Con artists and fraudsters are constantly changing their tactics to benefit themselves at the expense of others and given the turbulent housing market at the moment, some have turned their attention to potential tenants.
Fortunately, fraudulent landlords and letting agents are a minority, the majority are genuine and treat their tenants fairly. However, tenants should be vigilant and made aware of several online property scams that we’ve come across in recent weeks.
Fake posts, on sites such as Gumtree, are asking tenants to pay deposits online up front. They are then asking consumers to prove they can pay the deposit requested by transferring funds to a friend or relative of the tenant using a money transfer agent. The tenant is subsequently requested to provide a scanned copy of the transaction to the so-called landlord as ‘proof of available funds’. However, without the tenant’s knowledge, this transaction contains enough information for the scammers to collect the money before the intended recipient does.
The online sites are quick to detect and remove bogus adverts however, unfortunately some still fall foul of the scammers and we’re raising awareness of what prospective tenants can do to protect themselves.
Fraud Protect Officer Rachel Davies advises: “Prospective tenants should find out whether a landlord is registered with an approved tenancy deposit protection scheme (DPS). Tenants should then also check whether their deposit has been protected or not – they can do that by calling the tenancy deposit protection scheme directly.
“Only ever transfer money to reputable landlords who can prove they are registered with an approved tenancy deposit scheme – ideally you should meet the landlord first and view the property before handing over any cash.”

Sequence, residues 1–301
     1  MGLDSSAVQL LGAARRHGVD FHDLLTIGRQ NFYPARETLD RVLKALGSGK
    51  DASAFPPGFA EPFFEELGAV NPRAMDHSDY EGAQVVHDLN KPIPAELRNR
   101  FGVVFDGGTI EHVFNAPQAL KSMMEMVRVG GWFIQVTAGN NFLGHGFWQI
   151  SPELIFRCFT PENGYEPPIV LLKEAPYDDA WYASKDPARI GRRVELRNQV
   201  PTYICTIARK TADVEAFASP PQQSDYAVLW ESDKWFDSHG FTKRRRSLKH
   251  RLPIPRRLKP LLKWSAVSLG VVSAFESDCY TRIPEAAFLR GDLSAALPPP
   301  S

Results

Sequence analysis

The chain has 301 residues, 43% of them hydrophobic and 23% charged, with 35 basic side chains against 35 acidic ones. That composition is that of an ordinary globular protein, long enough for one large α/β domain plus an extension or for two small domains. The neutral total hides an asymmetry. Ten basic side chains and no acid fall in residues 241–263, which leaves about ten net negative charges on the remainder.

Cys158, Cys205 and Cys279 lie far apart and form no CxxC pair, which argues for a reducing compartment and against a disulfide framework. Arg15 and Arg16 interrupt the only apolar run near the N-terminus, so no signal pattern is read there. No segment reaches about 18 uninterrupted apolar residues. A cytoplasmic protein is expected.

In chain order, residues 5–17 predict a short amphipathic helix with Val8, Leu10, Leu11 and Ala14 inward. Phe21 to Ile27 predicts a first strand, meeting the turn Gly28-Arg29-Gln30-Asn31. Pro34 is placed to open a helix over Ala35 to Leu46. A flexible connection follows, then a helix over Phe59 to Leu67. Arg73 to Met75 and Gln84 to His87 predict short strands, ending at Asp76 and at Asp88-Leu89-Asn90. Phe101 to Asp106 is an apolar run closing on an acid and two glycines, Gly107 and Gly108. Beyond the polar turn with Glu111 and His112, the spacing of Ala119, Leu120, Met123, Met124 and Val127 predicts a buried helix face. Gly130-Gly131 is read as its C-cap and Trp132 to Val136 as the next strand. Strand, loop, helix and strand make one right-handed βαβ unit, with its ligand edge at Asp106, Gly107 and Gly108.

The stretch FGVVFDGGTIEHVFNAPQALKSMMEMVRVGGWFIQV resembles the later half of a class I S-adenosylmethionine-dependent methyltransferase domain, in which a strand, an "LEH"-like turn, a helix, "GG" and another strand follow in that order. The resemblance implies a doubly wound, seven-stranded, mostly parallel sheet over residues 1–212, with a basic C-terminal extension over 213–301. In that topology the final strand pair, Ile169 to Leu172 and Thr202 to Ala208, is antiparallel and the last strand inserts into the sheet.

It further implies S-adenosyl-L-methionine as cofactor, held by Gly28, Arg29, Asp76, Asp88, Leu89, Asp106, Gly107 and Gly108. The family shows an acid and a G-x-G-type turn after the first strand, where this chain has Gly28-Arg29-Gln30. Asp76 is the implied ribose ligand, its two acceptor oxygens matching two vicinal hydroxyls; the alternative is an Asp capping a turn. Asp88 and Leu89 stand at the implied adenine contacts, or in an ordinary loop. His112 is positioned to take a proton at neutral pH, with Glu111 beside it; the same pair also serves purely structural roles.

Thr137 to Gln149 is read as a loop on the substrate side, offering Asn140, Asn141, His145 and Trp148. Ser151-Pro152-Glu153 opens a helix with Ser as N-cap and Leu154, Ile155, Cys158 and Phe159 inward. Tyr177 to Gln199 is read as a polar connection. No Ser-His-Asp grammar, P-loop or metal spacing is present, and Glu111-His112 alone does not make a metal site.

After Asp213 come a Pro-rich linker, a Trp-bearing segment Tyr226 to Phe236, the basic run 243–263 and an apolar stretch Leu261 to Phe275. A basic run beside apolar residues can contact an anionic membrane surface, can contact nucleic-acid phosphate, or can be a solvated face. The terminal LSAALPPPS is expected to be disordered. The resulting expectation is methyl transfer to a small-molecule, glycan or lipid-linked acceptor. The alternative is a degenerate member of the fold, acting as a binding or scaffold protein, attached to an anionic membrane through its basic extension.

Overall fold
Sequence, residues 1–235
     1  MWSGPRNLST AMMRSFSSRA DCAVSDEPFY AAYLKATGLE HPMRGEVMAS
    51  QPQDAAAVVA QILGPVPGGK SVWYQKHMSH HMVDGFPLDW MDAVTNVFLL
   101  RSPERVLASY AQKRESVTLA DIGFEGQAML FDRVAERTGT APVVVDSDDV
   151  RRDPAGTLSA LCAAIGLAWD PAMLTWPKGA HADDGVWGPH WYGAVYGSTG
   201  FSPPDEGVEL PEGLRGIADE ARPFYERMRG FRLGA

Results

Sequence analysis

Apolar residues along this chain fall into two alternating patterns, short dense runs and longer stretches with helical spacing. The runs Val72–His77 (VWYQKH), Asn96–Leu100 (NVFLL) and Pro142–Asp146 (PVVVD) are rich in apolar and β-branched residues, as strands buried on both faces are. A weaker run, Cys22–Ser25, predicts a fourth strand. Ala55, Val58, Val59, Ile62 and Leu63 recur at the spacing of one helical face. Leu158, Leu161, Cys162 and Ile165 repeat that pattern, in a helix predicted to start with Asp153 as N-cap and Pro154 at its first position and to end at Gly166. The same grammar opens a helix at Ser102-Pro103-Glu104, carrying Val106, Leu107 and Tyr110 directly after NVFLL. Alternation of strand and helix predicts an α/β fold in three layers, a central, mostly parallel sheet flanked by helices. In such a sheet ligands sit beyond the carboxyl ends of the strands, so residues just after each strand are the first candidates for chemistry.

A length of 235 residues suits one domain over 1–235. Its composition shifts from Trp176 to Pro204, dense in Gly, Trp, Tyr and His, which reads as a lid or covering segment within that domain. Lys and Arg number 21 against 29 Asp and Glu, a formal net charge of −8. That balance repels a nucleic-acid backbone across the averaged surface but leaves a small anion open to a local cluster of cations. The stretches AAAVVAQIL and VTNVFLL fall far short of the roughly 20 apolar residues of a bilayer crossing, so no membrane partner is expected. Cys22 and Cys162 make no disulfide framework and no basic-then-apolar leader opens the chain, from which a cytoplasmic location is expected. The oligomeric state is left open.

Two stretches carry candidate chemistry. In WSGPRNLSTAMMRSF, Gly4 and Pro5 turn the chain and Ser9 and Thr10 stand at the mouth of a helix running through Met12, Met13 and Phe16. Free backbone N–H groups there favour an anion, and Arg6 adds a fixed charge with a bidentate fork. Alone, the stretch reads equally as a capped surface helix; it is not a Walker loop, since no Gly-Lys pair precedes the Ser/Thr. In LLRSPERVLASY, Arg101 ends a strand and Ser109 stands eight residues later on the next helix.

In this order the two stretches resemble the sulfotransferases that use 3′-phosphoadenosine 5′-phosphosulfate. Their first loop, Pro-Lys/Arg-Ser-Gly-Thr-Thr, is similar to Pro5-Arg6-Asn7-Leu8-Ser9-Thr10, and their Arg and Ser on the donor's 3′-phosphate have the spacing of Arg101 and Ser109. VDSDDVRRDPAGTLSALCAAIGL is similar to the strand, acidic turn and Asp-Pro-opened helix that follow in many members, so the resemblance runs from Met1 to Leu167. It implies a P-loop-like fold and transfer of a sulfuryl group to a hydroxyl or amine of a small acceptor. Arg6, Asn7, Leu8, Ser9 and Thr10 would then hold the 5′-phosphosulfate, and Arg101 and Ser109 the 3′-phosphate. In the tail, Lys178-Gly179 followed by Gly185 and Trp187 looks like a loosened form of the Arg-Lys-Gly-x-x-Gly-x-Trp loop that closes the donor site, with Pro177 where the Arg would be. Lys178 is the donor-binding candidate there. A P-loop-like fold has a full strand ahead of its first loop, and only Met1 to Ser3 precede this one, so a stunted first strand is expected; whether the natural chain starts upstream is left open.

Some signs to look out for in order to identify and avoid a housing scam include:
· Missing key components in the advert, such as the full address, photos, history.
· Unusual added extras, such as free moving boxes, packing help, free relocation services, or anything that’s too good to be true – it often is!
· A cheap price. It’s a good idea to do some research on market prices in the same area for comparison to determine if the listing price is actually fake.
· No background or credit checks required in the advert. Scammers often leave this out when creating the listing so they attract more prospective renters, which may include those with a smaller credit score or someone with a criminal background.
· A landlord refusing to show you the property. Often, their excuses are that they are out of town or dealing with a family emergency. It is a major warning sign when they don’t even agree to arranging a virtual property tour.
· A landlord demanding for you to pay the deposit immediately without papers for tasks like end of tenancy cleaning.
· They will often panic you into the payment by saying there is high interest in the unit and that you will need to put in your down payment as soon as possible to reserve it. Never give money to a landlord unless they show you the property and you have a legitimate contract.
If you believe you have been a victim of fraud, report it to Action Fraud at www.actionfraud.police.uk or call on 0300 123 2040.